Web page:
Kupi scowled and said, “Damned SciOs build these rigs so that they have to be replaced frequently. Just like the old Corporate crooks and their diabolical theory of ‘planned obsolescence.’”
“I wouldn’t go that far,” Joss said. “Our cannons have unknown key components. Maybe the SciOs don’t have any other way to build them.”
“Yeah, yeah. True Green Joss, accepting everything you’re told to think. You’d better wake up, sweetie. Our lives could be at risk running these machines, and do you think the SciOs give a rat’s ass what happens to us? Do you think Chairman Rahma does?”
Joss fell silent, knowing he didn’t accept everything blindly at all, though she seemed to think he did. Even so, he didn’t want to argue with her. He gazed forward as the truck sped south, with peace symbols and stylized tree designs sparkling on the hood, and triangular green GSA banners fluttering on the front fenders. He liked Kupi personally, as a lover and as a friend, but when she started talking politics, she invariably made comments that made him uncomfortable.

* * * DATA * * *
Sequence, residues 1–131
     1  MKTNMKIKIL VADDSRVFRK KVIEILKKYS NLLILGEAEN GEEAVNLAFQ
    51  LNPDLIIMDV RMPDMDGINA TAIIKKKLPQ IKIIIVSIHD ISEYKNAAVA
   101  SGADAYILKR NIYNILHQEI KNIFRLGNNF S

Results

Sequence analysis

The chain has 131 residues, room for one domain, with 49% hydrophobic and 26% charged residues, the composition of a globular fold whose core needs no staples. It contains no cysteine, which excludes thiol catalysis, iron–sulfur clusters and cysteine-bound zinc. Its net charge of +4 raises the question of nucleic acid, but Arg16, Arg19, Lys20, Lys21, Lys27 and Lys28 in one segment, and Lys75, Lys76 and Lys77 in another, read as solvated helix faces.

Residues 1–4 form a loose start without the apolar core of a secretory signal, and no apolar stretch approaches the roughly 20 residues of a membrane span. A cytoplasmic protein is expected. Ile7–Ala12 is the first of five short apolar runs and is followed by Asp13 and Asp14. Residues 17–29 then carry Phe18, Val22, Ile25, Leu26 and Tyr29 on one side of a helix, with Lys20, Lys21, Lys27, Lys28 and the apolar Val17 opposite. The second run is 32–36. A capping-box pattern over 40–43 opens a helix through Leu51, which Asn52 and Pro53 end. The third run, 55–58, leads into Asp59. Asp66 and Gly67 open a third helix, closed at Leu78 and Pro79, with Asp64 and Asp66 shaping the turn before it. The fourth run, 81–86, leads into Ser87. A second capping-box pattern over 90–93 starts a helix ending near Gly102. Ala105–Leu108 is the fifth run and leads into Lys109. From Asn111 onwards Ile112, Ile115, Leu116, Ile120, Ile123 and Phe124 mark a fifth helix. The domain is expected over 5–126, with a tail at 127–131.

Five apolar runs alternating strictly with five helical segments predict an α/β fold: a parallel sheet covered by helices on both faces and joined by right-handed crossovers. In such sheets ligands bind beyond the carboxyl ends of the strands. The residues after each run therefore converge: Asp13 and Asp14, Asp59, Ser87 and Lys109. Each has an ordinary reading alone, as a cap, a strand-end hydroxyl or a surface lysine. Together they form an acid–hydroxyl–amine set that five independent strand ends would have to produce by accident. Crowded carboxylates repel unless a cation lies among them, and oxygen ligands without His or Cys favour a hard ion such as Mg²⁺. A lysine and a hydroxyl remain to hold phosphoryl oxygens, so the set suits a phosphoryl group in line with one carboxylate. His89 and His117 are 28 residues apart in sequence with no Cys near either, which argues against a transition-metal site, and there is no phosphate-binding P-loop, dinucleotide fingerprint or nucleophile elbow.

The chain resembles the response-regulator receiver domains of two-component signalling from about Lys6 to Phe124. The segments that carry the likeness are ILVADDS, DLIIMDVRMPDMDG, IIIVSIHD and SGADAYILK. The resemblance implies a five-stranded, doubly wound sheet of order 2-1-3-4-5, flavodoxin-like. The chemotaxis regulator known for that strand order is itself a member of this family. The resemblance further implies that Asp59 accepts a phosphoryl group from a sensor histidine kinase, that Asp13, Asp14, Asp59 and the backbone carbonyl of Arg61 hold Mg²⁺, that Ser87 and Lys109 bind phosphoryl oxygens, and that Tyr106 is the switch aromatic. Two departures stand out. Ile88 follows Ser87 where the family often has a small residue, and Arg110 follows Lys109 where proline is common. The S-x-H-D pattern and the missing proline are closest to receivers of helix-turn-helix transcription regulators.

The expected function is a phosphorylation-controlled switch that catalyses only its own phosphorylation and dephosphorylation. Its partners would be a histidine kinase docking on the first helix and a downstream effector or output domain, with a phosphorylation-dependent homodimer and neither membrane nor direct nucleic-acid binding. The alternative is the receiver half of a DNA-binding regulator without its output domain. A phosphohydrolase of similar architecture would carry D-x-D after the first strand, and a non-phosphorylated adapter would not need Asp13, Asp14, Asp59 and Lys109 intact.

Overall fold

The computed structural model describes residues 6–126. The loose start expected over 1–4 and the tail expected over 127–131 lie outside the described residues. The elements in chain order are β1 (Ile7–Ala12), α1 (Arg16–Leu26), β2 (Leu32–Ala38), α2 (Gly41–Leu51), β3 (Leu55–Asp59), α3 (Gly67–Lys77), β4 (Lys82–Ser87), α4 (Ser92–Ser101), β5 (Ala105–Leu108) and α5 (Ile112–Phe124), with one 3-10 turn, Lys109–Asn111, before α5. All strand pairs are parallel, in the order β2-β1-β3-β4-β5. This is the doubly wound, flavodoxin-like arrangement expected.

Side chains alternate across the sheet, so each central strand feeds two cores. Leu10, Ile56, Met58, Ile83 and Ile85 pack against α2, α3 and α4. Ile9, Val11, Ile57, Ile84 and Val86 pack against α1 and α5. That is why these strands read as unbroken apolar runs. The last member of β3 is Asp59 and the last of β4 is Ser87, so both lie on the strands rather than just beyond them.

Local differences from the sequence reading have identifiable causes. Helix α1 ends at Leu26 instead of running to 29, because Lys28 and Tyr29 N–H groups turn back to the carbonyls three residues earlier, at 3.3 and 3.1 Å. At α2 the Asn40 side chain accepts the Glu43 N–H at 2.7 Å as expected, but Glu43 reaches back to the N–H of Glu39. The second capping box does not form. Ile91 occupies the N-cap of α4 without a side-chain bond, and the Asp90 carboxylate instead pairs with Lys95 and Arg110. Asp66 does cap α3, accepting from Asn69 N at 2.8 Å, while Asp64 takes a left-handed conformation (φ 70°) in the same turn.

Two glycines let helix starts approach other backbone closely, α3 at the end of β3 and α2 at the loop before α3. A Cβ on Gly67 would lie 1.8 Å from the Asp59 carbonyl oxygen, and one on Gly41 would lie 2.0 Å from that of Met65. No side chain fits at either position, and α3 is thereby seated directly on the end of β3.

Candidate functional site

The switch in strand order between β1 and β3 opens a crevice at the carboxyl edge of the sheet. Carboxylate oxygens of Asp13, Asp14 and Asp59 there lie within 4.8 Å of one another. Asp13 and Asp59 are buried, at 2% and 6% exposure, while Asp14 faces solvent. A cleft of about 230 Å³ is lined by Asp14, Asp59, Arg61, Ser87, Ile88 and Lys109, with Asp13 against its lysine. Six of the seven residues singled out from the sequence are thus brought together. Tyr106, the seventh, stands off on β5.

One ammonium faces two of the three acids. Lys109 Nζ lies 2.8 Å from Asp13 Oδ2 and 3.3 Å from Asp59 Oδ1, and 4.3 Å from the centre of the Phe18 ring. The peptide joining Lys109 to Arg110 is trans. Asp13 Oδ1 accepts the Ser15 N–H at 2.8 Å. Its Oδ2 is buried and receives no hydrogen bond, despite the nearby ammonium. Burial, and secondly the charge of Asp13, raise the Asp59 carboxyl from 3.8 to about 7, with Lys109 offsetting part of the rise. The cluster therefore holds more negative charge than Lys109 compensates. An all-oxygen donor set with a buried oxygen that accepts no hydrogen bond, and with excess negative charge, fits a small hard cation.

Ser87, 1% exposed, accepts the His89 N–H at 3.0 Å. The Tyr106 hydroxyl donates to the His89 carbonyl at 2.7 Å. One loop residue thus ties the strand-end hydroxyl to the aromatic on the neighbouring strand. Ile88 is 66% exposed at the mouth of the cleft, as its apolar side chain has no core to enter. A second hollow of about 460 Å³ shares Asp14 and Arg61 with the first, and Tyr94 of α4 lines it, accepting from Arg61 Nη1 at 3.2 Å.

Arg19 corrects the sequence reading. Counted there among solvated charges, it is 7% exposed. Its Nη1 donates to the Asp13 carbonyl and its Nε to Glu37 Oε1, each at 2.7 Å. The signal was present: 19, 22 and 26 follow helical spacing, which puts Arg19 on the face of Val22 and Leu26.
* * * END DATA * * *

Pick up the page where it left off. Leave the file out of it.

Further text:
Politics often put her into a bad mood, and he saw no point in debating with her. At times like this, his lover needed to be left alone.
He wished Kupi would watch her tongue. It could get her into a lot of trouble—and by association, him, too.
Copyright © 2014 by DreamStar, Inc.